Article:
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  IAS 2023
July 23rd - 26th
12th IAS Conference on HIV Science
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The effect of unplanned care interruptions on the mortality of adults resuming antiretroviral therapy in South Africa: a survival analysis
  Early or Late HIV Care Interruptions Double Death Risk in South Africa
IAS 2023, July 23-26, 2023. Brisbane
Mark Mascolini
Compared with people who never interrupted their HIV care, both early and late care interrupters who resumed care had about a doubled risk of dying in a South African analysis [1]. Men who interrupted then returned to care had a 40% higher risk of dying than women in this 63,421-person cohort.
Noting that few studies have assessed mortality after unstructured interruptions in HIV care, Haroon Moolla and colleagues from the University of Cape Town set out to explore relative mortality of people resuming care after such a gap.
The analysis involved adults in South African IeDEA-SA cohorts who began antiretroviral therapy (ART) from 2004 through 2019. Researchers eliminated people without recorded CD4 counts or identity numbers. They defined care interruptions as more than 180 days without healthcare contact followed by a return to care. The study did not consider people who had an undetectable viral load when they resumed care. Early interruptions were those in the first 6 months of ART; late interruptions were those that began after the first 6 months.
The 63,421 study participants had a median age of 33.3, and 67.5% were female. Median pre-ART CD4 count stood at 229 (interquartile range 113 to 385). In this 63,421-person group, 40,828 (64%) never interrupted care and had 2587 deaths during 132,594 person-years of follow-up. The 8845 early interrupters (14%) had 427 deaths in 18,429 person-years of follow-up. And the 13,748 late interrupters (22%) had 571 deaths in 37,334 person-years.
People who never interrupted ART had the longest survival through 15 years of follow-up, followed by late interrupters, with early interrupters having the shortest survival.
Cox regression analysis adjusted for age, sex, pretreatment CD4 count, year starting ART, and cohort site identified four clusters of independent predictors of shorter survival:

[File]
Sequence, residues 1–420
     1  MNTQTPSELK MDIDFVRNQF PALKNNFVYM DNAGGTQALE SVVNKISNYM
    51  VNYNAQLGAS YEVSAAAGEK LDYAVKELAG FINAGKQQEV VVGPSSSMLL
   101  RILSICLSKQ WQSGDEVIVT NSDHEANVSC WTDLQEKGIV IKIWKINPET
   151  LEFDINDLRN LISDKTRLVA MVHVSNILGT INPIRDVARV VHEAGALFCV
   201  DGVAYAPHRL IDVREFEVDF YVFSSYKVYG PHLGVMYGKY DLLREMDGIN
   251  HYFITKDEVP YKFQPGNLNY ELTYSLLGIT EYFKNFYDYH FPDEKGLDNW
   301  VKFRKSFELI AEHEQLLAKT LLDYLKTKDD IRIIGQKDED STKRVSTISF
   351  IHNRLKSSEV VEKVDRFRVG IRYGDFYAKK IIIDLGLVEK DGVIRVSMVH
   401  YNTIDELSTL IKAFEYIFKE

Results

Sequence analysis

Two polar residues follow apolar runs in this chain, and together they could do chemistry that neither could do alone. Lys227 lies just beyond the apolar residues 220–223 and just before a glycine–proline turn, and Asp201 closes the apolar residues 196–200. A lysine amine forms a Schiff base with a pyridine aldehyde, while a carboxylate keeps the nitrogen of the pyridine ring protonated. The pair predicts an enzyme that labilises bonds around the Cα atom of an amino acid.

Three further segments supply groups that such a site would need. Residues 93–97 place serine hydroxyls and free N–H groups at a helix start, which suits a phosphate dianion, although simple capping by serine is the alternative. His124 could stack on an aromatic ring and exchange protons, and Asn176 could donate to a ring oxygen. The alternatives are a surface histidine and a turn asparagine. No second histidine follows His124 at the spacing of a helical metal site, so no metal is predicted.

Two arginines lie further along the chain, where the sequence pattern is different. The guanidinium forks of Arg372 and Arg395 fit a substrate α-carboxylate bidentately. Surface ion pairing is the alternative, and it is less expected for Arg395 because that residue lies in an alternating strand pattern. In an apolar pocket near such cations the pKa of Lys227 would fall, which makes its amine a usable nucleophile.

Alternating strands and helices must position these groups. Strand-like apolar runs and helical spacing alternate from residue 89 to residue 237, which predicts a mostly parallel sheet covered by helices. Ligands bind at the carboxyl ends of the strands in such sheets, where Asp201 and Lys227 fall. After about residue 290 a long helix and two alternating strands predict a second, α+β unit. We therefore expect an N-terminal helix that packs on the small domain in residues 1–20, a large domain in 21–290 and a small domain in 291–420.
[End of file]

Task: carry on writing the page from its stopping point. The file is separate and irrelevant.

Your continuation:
Interruption of HIV care vs no interruption:
Early interruption, adjusted hazard ratio (aHR) 2.32, 95% confidence interval (CI) 2.06 to 2.61 Late interruption, aHR 1.90, 95% CI 1.68 to 2.15
Male vs female sex: aHR 1.40, 95% CI 1.28 to 1.52
Older age vs 15 to 24 years:;
35 to 44: aHR 1.37, 95% CI 1.14 to 1.66;
45 to 54: aHR 2.08, 95% CI 1.71 to 2.54;
55 to 64: aHR 3.60, 95% CI 2.86 to 4.51;
65 or older: aHR 5.76, 95% CI 4.00 to 8.29
Lower pre-ART CD4 count vs 500 or more:;
200 to 349: aHR 1.47, 95% CI 1.13 to 1.92;
100 to 199: aHR 2.07, 95% CI 1.59 to 2.70;
50 to 99: aHR 2.46, 95% CI 1.87 to 3.22;
Under 50: aHR 2.98, 95% CI 2.27 to 3.89
A sensitivity analysis that changed the threshold separating early from late interrupters consistently found a greater hazard ratio for mortality in early interrupters than late interrupters, regardless of whether the threshold was 90 days, 180 days, or 270 days. But compared with the 180-day early-late threshold used in the main analysis, a 90-day break had a lower impact on mortality and a 270-day break had a greater impact.
Haroon Moolla and colleagues cautioned that their study is limited by the assumption that interruption of care equals interruption of ART and by exclusion of many potential participants because they had incomplete data. Still, they believe their findings confirm that interruptions in care spur mortality in people with HIV and underline the dual need to retain people in care and to convince interrupters to return.
1. Moola H, Davies MA, Davies C, et al The effect of unplanned care interruptions on the mortality of adults resuming antiretroviral therapy in South Africa: a survival analysis. IAS 2023, July 23-26, 2023. Brisbane.